Opioid Overdose-Related Visits to Emergency Rooms Increased Sharply During Pandemic

    Emergency room visits for opioid overdoses rose 28.5% last year, compared with 2018 and 2019, a new study finds.

    Opioid overdoses accounted for one in every 313 emergency room visits in 2020, compared with one in 400 in the previous two years, HealthDay reports.

    “COVID-19, and the disruptions in every part of our social and work lives, made this situation even harder by increasing the risk of opioid misuse and relapse because people were separated from their social support and normal routines,” lead researcher Molly Jeffery of the Mayo Clinic said in a news release.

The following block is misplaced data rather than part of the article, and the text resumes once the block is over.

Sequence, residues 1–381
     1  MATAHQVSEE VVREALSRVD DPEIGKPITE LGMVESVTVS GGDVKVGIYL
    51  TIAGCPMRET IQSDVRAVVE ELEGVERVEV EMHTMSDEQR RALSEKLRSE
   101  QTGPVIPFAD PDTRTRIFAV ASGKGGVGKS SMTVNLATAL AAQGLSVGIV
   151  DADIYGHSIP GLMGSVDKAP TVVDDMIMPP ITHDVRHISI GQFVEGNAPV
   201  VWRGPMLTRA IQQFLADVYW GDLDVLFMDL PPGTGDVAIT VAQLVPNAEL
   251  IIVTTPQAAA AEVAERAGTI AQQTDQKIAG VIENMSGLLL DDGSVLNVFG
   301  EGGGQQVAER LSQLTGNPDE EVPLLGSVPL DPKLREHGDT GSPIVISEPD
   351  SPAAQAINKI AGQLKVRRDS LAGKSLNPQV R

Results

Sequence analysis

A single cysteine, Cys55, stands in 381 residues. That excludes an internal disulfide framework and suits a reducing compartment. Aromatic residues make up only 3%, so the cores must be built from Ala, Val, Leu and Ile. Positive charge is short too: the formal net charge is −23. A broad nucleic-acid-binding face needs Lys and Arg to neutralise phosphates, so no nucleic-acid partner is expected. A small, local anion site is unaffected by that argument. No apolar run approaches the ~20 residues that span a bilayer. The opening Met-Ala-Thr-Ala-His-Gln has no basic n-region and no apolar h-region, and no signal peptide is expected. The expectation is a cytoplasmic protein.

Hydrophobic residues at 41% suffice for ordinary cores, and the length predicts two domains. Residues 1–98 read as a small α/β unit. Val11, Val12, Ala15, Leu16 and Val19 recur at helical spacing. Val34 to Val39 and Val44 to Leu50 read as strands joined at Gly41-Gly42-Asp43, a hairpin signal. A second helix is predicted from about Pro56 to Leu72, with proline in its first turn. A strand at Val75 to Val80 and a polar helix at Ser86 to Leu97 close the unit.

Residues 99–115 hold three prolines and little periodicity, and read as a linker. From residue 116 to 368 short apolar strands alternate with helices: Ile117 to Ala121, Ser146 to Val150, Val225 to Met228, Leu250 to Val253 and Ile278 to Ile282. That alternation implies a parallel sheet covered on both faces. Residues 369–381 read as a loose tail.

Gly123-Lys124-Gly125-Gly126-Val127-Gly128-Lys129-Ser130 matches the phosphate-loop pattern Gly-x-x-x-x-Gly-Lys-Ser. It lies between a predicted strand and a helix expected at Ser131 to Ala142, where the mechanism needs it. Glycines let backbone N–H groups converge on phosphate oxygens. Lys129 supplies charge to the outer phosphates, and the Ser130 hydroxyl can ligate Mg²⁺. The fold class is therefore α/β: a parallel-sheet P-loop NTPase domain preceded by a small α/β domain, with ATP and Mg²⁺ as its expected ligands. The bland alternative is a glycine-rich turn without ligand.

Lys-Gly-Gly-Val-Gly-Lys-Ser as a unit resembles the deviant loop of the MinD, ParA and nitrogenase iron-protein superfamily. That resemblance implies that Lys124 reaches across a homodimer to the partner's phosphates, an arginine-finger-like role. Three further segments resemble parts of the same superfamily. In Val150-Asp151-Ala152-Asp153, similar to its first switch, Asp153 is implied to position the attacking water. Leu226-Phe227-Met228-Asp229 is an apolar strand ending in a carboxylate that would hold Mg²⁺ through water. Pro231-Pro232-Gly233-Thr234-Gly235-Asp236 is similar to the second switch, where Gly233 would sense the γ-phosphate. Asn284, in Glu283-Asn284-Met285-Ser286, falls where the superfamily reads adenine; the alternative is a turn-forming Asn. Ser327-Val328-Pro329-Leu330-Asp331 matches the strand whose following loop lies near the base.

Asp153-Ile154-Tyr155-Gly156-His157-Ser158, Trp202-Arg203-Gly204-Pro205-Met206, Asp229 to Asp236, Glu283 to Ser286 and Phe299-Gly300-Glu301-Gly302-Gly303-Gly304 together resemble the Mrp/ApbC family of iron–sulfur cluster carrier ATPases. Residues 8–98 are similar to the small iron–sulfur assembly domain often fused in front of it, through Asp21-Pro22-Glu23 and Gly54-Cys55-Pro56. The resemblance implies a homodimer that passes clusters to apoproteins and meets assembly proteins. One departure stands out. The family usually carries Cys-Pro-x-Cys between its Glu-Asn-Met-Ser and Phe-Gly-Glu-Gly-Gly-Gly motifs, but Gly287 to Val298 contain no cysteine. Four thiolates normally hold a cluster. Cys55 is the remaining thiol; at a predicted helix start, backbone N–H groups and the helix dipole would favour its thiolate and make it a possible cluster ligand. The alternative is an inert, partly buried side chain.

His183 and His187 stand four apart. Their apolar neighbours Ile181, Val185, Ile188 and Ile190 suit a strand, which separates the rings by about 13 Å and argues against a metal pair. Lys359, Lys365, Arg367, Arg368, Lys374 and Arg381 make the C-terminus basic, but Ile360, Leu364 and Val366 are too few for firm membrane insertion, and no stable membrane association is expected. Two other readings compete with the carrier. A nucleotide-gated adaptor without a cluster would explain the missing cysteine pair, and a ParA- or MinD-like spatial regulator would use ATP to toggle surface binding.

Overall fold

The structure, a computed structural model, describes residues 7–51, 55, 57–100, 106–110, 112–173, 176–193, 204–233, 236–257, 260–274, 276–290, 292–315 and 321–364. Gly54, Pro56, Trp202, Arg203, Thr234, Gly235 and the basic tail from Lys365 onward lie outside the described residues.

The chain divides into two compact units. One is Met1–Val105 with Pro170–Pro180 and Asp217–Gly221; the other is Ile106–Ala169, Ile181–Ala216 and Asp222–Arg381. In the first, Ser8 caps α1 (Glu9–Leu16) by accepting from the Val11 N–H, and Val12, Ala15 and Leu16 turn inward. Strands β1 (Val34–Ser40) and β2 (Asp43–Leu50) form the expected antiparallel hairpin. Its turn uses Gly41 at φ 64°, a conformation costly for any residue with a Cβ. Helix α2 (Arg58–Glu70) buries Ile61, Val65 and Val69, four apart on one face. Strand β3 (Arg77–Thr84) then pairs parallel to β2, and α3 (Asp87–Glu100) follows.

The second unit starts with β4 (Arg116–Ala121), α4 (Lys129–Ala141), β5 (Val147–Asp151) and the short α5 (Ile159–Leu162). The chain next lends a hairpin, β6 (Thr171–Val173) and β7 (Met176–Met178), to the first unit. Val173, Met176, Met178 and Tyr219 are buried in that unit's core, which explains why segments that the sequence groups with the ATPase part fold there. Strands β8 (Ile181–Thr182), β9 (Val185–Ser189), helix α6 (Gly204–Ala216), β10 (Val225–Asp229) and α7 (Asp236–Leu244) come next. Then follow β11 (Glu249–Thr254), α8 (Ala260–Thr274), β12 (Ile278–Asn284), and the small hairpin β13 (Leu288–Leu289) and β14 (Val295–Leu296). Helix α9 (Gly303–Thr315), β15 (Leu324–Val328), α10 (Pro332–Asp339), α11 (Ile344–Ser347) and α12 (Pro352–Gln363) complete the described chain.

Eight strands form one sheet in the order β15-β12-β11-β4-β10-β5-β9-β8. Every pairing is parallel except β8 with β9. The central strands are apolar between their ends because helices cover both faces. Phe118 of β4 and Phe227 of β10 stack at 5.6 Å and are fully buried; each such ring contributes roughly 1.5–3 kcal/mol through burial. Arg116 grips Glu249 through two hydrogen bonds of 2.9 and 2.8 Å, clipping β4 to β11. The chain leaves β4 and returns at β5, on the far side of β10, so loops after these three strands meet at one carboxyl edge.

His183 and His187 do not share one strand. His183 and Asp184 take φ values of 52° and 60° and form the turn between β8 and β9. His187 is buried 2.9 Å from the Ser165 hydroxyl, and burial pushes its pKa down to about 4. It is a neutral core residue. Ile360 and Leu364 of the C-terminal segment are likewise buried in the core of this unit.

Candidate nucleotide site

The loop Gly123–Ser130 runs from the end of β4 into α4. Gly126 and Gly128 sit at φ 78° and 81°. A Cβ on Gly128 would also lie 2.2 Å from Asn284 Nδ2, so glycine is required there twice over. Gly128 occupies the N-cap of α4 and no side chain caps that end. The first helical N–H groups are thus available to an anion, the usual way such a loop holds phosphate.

The researchers said the actual rate of opioid overdoses may be higher than the study suggests, because the number of people who overdose but don’t visit the emergency room is likely increasing.

    Treatments for opioid use disorder, such as buprenorphine and methadone, must be more accessible, Jeffery said. The opioid overdose antidote naloxone also needs to be more widely available, she added.

    By Partnership Staff
    August 2021

    Published

    August 2021